Inside the Trenches of the Principal: Week 44

This past week can be easily summed up into one word: TESTING.

I saw so many emotions from scholars and staff this week:

  • Jubilation from the scholar who had to go out on medical leave at the end of last year, began this year repeating the grade, got promoted after the first quarter to the new grade, and scored in the 99% on the reading test! Literally tears of joy were flowing from the teacher and scholar. It was one of the coolest things I’ve ever witnessed in school.
  • Despair from teachers who had scholars score far below what they know they can score and what their potential is.
  • Confusion from scholars who have only been in the United States for three months, know few English words, and were forced to take a test in English that confuses many native-speakers.
  • Tiredness from scholars who tested for three straight days, some of them taking up to five hours a day meticulously checking over every answer.
  • Excitement when the testing was finally finished.

I could not be prouder of my scholars and staff for fighting through these past several days. I was speaking to one of the proctors on Thursday and said that this isn’t an academic test, it’s an endurance test. Are we trying to determine if students understand the standards or can stay focused and seated for four straight hours?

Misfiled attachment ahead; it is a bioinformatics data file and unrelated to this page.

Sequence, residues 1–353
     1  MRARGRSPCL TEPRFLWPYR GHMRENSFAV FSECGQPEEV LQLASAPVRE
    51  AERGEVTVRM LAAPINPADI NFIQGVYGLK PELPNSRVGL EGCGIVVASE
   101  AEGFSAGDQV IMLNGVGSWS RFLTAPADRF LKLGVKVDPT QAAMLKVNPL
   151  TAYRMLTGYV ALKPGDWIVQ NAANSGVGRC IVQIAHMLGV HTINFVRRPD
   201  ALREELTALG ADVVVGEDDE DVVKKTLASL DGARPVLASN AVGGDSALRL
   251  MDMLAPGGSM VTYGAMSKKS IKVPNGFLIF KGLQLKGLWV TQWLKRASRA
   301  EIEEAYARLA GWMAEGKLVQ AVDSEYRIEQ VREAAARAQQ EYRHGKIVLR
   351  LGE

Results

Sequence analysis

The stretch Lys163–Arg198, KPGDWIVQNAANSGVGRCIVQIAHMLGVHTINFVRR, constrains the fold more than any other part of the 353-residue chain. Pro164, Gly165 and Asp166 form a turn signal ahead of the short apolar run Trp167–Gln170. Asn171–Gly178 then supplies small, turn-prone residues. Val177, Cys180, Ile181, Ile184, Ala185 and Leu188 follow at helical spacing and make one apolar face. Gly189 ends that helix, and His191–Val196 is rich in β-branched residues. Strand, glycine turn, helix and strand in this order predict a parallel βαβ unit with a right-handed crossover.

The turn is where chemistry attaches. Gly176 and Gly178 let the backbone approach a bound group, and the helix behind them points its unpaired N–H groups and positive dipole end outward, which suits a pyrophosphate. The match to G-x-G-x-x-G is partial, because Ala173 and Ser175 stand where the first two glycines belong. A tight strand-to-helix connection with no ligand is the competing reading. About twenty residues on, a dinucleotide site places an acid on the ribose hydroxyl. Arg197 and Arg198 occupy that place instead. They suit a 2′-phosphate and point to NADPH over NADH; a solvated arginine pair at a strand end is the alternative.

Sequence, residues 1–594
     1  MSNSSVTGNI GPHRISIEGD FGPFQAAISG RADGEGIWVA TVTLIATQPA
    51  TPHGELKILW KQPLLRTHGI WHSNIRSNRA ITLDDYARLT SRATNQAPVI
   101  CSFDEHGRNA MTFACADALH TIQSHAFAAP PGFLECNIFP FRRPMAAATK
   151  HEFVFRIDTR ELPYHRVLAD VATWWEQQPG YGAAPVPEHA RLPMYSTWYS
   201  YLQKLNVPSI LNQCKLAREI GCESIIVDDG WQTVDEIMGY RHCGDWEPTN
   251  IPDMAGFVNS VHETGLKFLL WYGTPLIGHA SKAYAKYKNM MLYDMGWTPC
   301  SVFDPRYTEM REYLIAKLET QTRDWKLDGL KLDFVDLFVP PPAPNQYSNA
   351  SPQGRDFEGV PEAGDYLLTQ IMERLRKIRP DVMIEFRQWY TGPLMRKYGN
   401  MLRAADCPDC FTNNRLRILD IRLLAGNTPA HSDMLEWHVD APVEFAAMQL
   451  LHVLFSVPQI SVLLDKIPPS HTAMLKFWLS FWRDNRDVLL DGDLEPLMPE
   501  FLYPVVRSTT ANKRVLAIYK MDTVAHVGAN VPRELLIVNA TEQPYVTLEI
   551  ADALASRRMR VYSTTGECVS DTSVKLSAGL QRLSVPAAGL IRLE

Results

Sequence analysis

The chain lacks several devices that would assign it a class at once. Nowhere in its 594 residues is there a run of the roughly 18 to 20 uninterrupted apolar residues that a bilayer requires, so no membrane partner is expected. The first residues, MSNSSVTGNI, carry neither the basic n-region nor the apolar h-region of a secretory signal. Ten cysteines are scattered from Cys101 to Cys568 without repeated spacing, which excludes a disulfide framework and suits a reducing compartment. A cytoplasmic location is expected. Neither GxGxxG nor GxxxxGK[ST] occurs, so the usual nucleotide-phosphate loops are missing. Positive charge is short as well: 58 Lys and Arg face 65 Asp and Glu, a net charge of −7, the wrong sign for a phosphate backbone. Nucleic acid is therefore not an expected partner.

Personally, I would much rather see authentic assessments measuring our students’ achievement: portfolios, performances, projects. Could our students display their knowledge through different mediums? Could we measure other skills like social and emotional intelligence, creativity, and kindness while we’re at it? Frankly, I value those skills far more in the long run than if a kid can divide fractions or tell me the kind of wind to expect from the Gulf of Mexico in July.

I completely understand that these tests are not going anywhere. We’re stuck with them. But I challenge any law-maker, any policy-maker to come spend a day proctoring for these tests. Spend a day at a school when a scholar receives a piece of paper telling them that they are in the 1st percentile in achievement. I want them to see real faces with these numbers. Real teachers who have to explain to their scholar that “This test does not define you.”

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